What Big-O Means
Big-O notation, or Landau Symbols, are not particular to any model of computation, or even to computer science. When used to illustrate the asymptotic complexity of an algorithm, they are always given relative to some model of an abstract machine, even if that abstraction isn't made explicit.
In texts on algorithms the model used is often a RAM machine, and usually is used without explicit acknowledgement (see for example the unqualified use of big-O notation on the wikipedia pages for Quicksort or Dijkstra's Algorithm, or the examples in the Table of Common Time Complexities).
On a different machine model, or on a real machine, the scaling properties will be different. With a suitable model of computation, one could derive the asymptotic performance and state it in big-O notation, and the result may be different to that for the RAM machine and therefore to commonly published big-O values.
For example: on a machine with sequential memory (a Turing Machine with a single tape, say), binary search no longer has a running time O(log n) - the commonly cited result for a RAM machine - because traversing the tape requires O(n) time.
As a second example, this chapter shows an explicit computational model described, and used to derive the asymptotic performance of various algorithms.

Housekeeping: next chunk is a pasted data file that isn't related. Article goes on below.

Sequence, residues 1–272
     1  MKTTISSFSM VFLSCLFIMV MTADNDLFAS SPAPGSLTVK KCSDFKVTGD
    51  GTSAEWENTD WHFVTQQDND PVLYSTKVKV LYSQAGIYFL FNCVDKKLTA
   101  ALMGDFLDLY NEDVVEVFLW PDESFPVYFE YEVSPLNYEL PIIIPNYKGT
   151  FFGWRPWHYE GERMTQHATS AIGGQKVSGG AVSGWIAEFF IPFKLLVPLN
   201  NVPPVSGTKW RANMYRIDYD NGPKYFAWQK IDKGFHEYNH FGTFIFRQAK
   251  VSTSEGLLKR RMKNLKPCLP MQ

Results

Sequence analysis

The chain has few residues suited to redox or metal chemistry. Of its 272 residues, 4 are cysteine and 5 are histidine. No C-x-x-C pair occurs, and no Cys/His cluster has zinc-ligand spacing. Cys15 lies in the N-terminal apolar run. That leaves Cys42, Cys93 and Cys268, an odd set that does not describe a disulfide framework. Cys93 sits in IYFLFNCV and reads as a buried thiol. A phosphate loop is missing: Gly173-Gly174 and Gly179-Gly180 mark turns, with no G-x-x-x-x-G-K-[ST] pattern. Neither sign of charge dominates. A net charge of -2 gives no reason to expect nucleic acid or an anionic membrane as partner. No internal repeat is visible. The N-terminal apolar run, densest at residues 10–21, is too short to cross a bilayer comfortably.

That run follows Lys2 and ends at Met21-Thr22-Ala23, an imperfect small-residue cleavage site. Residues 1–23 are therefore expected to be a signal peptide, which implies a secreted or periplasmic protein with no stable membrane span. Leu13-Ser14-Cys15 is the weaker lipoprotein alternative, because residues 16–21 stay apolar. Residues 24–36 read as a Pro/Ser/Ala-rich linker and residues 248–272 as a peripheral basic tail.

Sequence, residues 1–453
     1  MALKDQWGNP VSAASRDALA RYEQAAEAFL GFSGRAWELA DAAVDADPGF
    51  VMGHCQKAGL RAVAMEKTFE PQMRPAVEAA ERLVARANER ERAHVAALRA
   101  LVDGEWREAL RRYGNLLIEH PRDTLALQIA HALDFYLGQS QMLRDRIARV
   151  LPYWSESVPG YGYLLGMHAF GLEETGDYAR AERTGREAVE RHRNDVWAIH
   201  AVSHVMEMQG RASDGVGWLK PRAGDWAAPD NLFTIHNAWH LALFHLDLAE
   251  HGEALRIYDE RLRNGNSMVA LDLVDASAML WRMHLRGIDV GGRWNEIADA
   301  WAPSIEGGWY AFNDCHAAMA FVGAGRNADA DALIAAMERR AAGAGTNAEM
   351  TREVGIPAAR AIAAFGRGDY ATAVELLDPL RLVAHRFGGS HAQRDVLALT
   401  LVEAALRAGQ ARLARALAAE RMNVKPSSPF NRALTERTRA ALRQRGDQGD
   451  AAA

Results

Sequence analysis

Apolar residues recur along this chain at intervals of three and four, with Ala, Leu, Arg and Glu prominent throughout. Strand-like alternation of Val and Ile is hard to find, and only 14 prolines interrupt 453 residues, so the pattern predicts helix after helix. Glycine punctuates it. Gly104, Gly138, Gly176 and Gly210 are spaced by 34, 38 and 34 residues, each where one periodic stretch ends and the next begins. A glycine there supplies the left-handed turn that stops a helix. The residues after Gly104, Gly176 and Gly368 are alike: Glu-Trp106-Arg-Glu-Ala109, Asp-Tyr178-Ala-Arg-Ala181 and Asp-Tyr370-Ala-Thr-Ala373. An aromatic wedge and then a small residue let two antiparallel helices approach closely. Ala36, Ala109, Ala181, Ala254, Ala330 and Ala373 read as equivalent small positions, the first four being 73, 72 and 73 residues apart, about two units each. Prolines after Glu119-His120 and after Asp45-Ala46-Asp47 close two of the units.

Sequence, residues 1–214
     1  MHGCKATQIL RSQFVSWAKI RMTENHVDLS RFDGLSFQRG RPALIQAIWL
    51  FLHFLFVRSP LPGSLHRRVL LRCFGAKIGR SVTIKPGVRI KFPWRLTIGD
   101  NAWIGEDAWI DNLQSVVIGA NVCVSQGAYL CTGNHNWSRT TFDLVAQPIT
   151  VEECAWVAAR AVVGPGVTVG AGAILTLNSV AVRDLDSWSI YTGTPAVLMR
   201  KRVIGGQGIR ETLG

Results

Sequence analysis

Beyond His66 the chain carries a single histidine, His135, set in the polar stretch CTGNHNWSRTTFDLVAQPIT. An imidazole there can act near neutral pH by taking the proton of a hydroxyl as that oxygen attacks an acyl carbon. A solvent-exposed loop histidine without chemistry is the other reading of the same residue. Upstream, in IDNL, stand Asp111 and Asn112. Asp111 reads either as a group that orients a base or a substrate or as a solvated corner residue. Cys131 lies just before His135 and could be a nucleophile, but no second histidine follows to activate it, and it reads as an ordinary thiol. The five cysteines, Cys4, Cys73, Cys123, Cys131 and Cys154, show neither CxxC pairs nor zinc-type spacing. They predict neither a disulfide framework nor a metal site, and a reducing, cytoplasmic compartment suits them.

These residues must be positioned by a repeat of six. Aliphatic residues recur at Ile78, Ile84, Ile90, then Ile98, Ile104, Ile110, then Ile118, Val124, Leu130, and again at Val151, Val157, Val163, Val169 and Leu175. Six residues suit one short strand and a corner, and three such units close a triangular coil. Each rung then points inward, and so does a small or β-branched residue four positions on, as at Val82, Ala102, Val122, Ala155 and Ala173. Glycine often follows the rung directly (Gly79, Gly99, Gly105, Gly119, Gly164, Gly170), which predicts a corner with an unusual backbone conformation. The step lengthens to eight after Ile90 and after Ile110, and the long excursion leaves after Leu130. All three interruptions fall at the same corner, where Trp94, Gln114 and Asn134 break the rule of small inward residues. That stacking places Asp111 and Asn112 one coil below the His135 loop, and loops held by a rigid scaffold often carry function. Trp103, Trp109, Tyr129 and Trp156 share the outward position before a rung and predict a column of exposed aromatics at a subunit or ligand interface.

Realistic Performance Envelopes
Analysing the asymptotic complexity of an algorithm makes the assumption that the algorithm would still be viable regardless of the problem size. But ultimately, no real machine can cope with infinite size problems. So unless the algorithm is O(1) in time and space, there will always come a point beyond which the performance of the algorithm is limited by the capacity of the machine, rather than the theoretical complexity bound.
It would be perfectly possible to analyse the algorithm (using a realistic model of a resource-limited machine) to determine the maximum solvable problem size. And if the real machine went through different modes of computation at different problem sizes (for example, it stops being able to hold data in cache at a particular size, then stops being able to hold it in RAM, then runs out of disk space, etc), one could work out where these transitions would occur, and give a more detailed characterization of its performance envelope. These kinds of analysis might be important if you need to make guarantees about real-world performance, but are completely unrelated to asymptotic performance analysis.
There isn't a special big-O like notation for those results, you would just give the equations for the performance explicitly. Given that you are now dealing with explicit upper bounds, big-O notation would be inappropriate.